By Ewan Roberts
In many ways Manchester City and Borussia Dortmund could not be more different. One side’s manager prowls the touchline in an Armani suit, the other dons a hooded tracksuit and trainers. One side favours a defensive, solid shape, the other promotes attacking, expressive, fluid football. And, perhaps most notably, one side dips into a practically limitless pot of money, while the other lives within its means.
The German club’s wage-bill is significantly lower than their turnover and not even a quarter the size of Manchester City’s. Dortmund buy low and sell high, cautiously and responsibly balancing their books and keeping expenditure at a minimum. That is typified by the eight-figure profit Dortmund made on Shinji Kagawa, while their title-winning side of last season cost about as much as City paid for James Milner alone (£24 million).
That clash of financial philosophies was underlined last month by Dortmund chief executive Hands-Joachim Watzke, who urged Uefa to expel clubs such as Manchester City if they cannot comply with Financial Fair Play.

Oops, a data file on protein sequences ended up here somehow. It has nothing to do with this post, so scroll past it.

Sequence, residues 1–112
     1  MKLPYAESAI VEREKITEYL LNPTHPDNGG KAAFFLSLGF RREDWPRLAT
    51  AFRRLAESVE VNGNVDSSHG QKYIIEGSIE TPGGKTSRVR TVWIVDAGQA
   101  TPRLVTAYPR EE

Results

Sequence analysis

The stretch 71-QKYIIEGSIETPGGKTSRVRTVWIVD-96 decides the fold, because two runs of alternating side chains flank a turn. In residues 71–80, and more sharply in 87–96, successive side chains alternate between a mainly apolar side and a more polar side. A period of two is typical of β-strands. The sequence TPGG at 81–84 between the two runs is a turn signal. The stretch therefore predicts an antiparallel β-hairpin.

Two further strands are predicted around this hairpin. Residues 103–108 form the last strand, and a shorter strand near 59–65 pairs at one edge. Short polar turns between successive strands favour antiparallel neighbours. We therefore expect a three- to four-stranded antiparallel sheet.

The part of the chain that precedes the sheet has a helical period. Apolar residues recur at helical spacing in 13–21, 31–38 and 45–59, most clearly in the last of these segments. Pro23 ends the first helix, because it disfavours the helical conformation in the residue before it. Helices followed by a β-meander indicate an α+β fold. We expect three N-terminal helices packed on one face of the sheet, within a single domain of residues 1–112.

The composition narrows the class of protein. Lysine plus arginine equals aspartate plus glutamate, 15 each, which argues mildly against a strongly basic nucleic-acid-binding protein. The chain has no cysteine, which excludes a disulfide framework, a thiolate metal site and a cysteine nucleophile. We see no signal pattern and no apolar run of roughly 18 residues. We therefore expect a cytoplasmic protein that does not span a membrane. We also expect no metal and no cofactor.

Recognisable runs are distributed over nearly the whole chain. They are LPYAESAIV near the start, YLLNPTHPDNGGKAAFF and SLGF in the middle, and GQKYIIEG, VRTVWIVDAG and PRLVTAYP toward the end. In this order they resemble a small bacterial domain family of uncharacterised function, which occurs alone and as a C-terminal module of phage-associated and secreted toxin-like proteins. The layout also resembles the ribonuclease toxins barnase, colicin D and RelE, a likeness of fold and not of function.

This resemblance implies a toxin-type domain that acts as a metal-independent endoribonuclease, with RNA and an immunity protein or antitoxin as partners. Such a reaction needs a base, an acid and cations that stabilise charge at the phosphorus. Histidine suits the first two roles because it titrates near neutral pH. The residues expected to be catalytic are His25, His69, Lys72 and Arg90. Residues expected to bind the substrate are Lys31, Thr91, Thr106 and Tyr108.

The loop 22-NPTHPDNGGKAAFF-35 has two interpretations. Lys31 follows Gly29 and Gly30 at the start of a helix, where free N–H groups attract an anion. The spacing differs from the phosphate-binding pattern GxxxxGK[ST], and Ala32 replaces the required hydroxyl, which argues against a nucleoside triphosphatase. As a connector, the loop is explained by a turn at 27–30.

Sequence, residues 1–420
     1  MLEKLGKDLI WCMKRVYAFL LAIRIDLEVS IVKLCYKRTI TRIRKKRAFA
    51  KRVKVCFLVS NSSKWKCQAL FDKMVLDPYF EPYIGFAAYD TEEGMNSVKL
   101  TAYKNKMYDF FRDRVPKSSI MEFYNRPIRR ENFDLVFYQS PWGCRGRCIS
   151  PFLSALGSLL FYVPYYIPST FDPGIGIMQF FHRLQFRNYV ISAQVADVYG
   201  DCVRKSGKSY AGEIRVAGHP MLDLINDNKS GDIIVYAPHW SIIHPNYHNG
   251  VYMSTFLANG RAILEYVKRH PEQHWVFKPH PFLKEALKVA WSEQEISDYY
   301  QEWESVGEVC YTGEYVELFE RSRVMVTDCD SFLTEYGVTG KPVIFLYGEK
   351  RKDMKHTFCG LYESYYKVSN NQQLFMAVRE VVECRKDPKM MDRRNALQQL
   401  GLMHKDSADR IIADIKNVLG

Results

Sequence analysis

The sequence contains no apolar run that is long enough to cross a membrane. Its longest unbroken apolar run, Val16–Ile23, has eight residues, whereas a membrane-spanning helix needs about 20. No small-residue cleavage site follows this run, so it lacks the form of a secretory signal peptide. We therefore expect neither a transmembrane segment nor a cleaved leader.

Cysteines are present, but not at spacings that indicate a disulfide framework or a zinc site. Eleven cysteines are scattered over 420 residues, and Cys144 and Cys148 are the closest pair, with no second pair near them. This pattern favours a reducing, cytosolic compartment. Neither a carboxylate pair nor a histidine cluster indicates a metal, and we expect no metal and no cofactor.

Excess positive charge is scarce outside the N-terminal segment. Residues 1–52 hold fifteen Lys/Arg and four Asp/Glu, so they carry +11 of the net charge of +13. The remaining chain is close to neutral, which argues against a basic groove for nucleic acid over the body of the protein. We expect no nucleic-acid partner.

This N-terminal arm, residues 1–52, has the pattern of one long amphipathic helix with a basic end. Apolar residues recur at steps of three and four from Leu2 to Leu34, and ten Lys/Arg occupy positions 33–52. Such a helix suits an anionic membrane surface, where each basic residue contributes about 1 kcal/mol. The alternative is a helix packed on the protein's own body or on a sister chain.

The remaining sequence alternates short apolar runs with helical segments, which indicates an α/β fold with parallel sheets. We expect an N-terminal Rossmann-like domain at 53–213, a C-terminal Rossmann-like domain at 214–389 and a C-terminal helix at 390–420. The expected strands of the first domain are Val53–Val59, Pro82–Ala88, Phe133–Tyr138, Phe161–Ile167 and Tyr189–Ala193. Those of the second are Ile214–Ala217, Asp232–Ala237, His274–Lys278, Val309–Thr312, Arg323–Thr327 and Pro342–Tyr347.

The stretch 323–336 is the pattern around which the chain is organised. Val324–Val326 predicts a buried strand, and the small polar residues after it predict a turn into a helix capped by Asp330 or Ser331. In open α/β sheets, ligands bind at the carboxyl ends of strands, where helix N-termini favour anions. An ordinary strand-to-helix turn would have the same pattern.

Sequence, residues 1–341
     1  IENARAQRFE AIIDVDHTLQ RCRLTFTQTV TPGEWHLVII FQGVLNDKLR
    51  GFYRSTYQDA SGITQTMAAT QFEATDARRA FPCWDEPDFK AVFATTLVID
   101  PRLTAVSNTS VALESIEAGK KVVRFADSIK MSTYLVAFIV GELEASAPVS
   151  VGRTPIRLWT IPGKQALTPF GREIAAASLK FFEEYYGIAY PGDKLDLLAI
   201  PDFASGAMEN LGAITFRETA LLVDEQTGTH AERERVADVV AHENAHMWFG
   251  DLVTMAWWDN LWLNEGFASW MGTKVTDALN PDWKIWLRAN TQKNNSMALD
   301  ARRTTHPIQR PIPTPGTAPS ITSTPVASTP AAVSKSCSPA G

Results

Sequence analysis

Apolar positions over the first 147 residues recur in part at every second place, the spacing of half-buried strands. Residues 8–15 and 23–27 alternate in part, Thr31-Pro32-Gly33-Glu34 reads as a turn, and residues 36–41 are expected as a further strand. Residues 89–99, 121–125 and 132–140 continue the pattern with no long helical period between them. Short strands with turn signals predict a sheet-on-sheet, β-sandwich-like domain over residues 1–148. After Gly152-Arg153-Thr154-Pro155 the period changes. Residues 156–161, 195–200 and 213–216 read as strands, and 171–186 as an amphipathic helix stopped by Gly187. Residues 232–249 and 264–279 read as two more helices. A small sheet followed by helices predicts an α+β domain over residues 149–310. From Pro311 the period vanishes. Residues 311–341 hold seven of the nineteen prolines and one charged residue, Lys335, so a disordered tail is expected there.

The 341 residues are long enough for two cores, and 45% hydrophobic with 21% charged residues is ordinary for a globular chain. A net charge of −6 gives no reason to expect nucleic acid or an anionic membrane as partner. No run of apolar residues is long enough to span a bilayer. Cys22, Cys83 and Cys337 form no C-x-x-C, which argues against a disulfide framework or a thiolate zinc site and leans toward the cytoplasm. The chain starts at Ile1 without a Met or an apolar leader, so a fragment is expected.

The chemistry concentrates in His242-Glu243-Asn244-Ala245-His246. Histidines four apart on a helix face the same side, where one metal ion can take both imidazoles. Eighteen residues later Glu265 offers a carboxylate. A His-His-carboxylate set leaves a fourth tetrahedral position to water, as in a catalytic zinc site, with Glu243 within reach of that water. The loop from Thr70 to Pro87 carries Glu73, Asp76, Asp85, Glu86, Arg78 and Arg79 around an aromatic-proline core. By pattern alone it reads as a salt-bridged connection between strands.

“Uefa must find the thin line between sponsorship and excessive back-door funding,” he said. “They must show strength to expel big clubs. No tycoon should be allowed to pump crazy money into a club with sponsorship from five companies he controls.”
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In the last the last three years Dortmund have signed young players on cheap contracts such as Shinji Kagawa from Cerezo Osaka and Robert Lewandowski from Lech Poznan.
The sale of Kagawa in the summer to Manchester United meant they were able to, in effect, buy Marco Reus for nothing. This is the philosophy of the club, while managing director Hans-Joachim Watzke and manager Michael Zorc have helped Dortmund reduce debts and are largely responsible for ensuring the club is now in such good financial health.
Dortmund employed Jurgen Klopp as their manager four years ago and he has constantly promoted players from the club’s youth system. Mario Gotze, Moritz Leitner and Kevin Grosskreutz have all had a big impact in the first team and on the club’s achievements and the likes of Koray Gunter and Marc Homschuh, both defenders, are close to making a big breakthrough in the first team, too.